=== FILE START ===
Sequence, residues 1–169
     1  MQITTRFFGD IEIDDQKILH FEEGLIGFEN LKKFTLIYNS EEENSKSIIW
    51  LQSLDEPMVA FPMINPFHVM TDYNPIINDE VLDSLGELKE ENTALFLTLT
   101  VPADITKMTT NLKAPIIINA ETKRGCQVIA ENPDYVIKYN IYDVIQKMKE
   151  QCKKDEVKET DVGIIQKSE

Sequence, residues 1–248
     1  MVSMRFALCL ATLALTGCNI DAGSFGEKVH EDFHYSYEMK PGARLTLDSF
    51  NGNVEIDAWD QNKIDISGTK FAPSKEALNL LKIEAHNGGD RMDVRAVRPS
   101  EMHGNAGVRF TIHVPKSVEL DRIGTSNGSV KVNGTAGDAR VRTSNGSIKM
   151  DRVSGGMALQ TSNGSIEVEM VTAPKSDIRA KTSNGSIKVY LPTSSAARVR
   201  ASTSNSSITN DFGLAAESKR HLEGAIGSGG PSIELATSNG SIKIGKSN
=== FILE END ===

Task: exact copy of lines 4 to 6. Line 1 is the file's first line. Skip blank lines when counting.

   101  VPADITKMTT NLKAPIIINA ETKRGCQVIA ENPDYVIKYN IYDVIQKMKE
   151  QCKKDEVKET DVGIIQKSE

Sequence, residues 1–248